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Oldham War Memorial – Sculpture

Oldahm War memorial consists of a range of plaques; mostly commemorating the lost of the 1914-18 war with smaller plaques in memory of more recent conflicts, a book of remembrance housed within a granite plinth which supports a fine, four figured Toft sculpture. All were in desperate need of conservation with areas of corrosion and pitting on the bronze elements, along with attempted theft of a least one large plaque and the removal of several fixings. Eura Conservation, in association with Lambert Walker Ltd., were responsible for the conservation of all bronze elements and making moulds of all bronze plaques in case of further theft.

Albert Toft (1862 – 1949) is a celebrated Midlands born sculptor. He has a number of War Memorials in the area and Eura Conservation are pleased to have been involved in the conservation of at least four: Cannon Hill South African War Memorial, Chadderton War Memorial, Oldham War Memorial and Central Birmingham’s Hall of Memory.  Oldham presented particular problems in as far as previous cleaning and laquering had left a pale, pitted and corroded surface.  Indeed there were places where corrosion had eaten through the bronze allowing salts and other remnants of the casting process to leach through and further damage the surface.  In other areas there were active corrosion cells requiring more intensive cleaning than other places.  The whole statue and it’s base were leaking and in danger of damaging the precious ‘Book of Remembrance’ which is viewed through a window.  It is possible that at one time the memorial was a walk through room with two sets of bronze doors, again designed by Toft.  One set of doors was replaced with a window and this set is now in the Council Chamber.  The remaining doors give internal access when needed to the Book of Memory.  Micro-photography prior to and during cleaning trials helped ascertain the levels of cleaning required in different areas of the bronze.  The whole monument was carefully treated to remove all remaining laquer and the active corrosion cells, the build up of sulphates on the surface and the leached salts were selectively  ‘wet jos’ cleaned prior to careful repatination with traditional chemicals, filling of the many holes and finally coating with microcrystalline wax.  Alongside this, a mould was taken from the remaining (though broken) bayonette to replicate it and replace one that had previously been stolen, these too required patinating to match, fixing and waxing.  The whole staue was then buffed and subjected to a thorough water test before the re-instatement of the ‘Book of Remembrance.’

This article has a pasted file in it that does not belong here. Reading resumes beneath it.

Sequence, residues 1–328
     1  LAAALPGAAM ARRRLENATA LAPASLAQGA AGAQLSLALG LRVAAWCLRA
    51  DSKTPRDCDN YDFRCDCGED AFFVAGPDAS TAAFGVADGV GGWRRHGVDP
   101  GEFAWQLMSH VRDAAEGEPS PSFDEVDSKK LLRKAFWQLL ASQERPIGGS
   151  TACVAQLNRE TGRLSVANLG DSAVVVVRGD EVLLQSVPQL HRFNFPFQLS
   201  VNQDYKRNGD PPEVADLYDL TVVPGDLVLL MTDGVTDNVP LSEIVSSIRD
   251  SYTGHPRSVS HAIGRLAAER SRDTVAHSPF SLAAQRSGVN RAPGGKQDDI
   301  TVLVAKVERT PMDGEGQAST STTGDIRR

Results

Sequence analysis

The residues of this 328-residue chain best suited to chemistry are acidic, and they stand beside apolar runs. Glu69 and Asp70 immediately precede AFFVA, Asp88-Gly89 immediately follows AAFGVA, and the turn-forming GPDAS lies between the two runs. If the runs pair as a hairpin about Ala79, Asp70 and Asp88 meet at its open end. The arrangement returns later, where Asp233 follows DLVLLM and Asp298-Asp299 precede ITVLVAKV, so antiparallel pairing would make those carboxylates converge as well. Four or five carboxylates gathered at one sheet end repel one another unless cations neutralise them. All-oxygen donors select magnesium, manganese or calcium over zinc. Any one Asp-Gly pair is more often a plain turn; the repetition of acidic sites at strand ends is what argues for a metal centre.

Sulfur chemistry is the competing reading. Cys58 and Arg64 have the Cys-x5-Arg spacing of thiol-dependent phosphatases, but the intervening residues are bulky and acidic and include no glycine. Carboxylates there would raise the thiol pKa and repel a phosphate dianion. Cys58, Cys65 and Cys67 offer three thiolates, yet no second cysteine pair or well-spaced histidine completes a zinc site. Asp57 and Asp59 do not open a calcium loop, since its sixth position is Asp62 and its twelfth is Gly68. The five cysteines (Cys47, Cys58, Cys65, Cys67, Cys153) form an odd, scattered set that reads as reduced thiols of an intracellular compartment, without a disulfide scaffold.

One of the difficult areas was to keep in line with the needs outlined in the grant awarding agencies for minimal necessary conservation and the desires of the clients and the local population for an aesthetically pleasing sculpture more visually akin to the remembered memorial.

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